Cookies Policy

This site uses cookies. By continuing to browse the site you are agreeing to our use of cookies.

I accept this policy

Find out more here

Cannibal Theologies in Colonial Portuguese America (1549-1759)

No metrics data to plot.
The attempt to load metrics for this article has failed.
The attempt to plot a graph for these metrics has failed.
The full text of this article is not currently available.

Brill’s MyBook program is exclusively available on BrillOnline Books and Journals. Students and scholars affiliated with an institution that has purchased a Brill E-Book on the BrillOnline platform automatically have access to the MyBook option for the title(s) acquired by the Library. Brill MyBook is a print-on-demand paperback copy which is sold at a favorably uniform low price.

Access this article

+ Tax (if applicable)
Add to Favorites
You must be logged in to use this functionality

Translating the Christian Eucharist as the Tupinambá Pledge of Vengeance

image of Journal of Early Modern History

This article examines Jesuit-signed texts written in the Brasílica lingua franca and used in the religious conversion of native peoples in colonial Portuguese America (1549-1759). I study translation strategies for conveying the sacrament of Communion, arguing that doctrinal explanations and word choices recorded in catechisms and dictionaries reflect Tupi-Guarani beliefs that shaped Christianity. These translations merged the theophagous doctrine of the Eucharist with Tupinambá vengeance and exocannibalism, which were central to rituals enacted to bring about that earthly utopia that the Indians called the Land Without Evil. Thus did a distinct eschatology form, compressed with thick layers of Tupi-Guarani and Iberian Catholicism in the late sixteenth and seventeenth centuries. In late colony, these became reinterpreted by non-Tupi-Guarani Indians who renamed the Eucharist. But in every telling, the promise of the Eucharist remained the same: that the eating of an other gave access to salvation and eternal bliss.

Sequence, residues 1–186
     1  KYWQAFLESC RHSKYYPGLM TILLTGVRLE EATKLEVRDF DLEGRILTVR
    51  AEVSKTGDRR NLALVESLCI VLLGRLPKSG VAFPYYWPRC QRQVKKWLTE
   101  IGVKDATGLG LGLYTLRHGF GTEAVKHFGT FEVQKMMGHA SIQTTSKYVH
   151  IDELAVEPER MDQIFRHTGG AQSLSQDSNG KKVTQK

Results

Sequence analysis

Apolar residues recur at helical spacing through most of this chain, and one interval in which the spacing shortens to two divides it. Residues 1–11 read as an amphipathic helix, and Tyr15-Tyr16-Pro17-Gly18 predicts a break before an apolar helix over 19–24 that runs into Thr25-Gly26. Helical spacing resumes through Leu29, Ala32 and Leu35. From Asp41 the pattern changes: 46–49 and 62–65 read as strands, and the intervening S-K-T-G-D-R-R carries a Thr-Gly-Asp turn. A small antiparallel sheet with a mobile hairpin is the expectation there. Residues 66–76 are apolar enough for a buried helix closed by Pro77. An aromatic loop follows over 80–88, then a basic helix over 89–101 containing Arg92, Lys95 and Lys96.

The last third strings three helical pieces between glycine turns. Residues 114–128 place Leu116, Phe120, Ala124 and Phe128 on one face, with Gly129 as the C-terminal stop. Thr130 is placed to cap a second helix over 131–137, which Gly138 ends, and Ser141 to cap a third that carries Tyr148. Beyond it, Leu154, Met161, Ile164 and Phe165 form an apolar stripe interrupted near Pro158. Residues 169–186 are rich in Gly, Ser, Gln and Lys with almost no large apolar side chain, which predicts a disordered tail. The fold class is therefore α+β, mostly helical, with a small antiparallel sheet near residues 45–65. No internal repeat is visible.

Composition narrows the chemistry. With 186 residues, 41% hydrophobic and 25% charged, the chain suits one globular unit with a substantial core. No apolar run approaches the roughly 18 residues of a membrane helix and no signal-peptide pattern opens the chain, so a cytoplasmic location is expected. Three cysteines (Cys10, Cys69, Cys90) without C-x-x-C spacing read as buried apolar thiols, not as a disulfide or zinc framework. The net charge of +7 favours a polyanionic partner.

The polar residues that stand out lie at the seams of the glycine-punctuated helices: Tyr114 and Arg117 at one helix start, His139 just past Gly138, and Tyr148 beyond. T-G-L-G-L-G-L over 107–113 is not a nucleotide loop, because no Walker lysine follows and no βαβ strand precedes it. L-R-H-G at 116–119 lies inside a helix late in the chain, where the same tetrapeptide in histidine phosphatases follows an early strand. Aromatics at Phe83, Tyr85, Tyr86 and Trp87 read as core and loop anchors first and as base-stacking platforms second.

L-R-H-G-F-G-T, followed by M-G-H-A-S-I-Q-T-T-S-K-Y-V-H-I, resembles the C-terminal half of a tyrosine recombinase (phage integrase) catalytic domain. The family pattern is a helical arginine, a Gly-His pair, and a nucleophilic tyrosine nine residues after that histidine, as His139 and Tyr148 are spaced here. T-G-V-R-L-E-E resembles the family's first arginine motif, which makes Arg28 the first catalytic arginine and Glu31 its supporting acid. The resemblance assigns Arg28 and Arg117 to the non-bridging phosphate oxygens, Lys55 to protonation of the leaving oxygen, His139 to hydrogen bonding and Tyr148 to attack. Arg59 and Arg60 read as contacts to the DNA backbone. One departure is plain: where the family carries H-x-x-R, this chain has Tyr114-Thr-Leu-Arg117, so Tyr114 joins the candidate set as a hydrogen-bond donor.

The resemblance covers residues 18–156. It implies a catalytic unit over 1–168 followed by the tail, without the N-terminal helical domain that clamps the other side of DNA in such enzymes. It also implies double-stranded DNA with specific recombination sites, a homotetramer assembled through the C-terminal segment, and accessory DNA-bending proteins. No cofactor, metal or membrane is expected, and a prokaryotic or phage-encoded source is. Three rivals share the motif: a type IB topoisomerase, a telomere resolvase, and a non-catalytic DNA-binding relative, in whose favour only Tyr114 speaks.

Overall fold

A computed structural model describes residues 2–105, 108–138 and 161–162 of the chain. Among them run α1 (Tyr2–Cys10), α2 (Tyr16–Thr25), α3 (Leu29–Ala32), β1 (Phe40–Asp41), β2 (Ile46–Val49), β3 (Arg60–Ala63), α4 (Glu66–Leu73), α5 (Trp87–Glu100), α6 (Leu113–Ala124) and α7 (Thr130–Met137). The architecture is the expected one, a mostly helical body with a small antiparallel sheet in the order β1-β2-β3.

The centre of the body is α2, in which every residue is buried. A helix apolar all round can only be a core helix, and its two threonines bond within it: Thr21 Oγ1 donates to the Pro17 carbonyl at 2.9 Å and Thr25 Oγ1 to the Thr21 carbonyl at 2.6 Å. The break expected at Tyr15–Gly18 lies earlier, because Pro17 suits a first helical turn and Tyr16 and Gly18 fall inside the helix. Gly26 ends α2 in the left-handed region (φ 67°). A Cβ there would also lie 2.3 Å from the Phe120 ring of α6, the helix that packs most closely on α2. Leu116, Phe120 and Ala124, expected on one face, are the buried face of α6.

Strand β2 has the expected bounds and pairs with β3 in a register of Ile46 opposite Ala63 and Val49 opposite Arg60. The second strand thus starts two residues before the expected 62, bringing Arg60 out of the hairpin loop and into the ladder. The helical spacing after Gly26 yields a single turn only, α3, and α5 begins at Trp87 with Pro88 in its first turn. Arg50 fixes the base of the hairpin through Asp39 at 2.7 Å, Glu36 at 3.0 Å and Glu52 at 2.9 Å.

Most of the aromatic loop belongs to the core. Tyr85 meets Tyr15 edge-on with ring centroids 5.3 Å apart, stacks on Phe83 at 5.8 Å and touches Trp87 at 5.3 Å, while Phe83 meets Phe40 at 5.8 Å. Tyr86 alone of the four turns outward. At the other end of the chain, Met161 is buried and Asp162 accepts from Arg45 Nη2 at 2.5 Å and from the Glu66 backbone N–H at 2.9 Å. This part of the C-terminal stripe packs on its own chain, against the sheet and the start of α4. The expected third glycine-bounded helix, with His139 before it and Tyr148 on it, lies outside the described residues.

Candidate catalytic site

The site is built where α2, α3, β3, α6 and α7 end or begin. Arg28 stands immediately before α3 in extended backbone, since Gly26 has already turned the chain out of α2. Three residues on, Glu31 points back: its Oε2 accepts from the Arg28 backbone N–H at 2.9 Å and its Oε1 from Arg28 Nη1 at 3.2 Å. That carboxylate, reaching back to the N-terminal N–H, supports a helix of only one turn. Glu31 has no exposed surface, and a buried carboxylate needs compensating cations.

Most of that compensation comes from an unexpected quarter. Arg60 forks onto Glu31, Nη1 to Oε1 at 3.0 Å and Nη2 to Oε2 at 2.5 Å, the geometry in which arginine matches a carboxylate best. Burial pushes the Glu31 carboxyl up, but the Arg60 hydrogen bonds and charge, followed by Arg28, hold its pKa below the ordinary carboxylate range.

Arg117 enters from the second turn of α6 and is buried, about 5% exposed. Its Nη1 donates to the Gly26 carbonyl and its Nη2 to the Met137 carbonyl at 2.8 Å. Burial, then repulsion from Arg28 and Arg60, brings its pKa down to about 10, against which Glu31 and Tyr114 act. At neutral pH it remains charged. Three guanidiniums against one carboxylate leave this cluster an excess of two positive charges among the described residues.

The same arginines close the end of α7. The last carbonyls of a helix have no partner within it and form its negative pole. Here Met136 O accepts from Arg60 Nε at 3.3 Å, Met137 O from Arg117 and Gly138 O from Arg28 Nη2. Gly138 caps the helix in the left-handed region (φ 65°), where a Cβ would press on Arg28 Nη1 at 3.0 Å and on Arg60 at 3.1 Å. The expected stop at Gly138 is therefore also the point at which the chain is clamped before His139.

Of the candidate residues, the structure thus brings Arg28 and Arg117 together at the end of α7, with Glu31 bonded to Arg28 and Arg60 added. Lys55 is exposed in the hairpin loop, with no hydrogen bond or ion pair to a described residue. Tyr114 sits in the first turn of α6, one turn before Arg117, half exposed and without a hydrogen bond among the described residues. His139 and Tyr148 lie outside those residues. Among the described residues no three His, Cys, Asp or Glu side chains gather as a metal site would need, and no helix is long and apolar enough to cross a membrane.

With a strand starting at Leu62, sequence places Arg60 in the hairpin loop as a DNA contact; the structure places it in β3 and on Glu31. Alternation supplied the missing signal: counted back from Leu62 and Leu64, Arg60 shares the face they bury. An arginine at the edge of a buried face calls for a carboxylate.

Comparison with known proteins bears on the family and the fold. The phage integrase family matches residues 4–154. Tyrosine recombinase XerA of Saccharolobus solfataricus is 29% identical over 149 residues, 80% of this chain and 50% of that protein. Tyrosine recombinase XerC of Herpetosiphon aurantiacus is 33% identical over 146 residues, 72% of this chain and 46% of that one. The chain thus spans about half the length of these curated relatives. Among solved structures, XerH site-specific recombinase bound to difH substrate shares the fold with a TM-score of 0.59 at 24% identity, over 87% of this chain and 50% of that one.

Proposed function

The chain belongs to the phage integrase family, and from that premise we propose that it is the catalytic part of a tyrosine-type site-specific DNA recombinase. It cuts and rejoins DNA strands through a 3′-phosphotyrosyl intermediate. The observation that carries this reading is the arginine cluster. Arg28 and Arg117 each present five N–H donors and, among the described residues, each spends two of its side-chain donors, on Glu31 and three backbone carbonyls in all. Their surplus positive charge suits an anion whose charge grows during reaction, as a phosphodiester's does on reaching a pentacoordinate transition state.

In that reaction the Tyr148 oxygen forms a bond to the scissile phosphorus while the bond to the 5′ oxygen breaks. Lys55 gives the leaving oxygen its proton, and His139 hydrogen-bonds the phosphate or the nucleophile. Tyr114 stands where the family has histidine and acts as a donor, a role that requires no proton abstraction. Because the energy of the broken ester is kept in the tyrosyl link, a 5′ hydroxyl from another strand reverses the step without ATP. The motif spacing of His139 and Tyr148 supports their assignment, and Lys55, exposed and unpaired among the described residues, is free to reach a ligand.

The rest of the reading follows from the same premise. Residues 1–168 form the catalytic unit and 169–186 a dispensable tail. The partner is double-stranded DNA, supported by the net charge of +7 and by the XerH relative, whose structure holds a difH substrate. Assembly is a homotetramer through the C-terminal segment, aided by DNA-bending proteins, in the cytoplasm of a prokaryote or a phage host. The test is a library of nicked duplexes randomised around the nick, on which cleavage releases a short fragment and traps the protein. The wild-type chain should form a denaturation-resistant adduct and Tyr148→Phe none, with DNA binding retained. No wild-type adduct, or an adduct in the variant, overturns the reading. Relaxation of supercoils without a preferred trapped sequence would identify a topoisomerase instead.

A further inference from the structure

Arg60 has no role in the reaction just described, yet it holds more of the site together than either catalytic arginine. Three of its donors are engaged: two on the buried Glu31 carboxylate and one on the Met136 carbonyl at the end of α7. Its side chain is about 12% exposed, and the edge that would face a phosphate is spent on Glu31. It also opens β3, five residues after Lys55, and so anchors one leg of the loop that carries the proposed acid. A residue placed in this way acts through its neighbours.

Affiliations: 1: California State University Los Angeles


Full text loading...


Data & Media loading...

Article metrics loading...



Can't access your account?
  • Tools

  • Add to Favorites
  • Printable version
  • Email this page
  • Subscribe to ToC alert
  • Get permissions
  • Recommend to your library

    You must fill out fields marked with: *

    Librarian details
    Your details
    Why are you recommending this title?
    Select reason:
    Journal of Early Modern History — Recommend this title to your library
  • Export citations
  • Key

  • Full access
  • Open Access
  • Partial/No accessInformation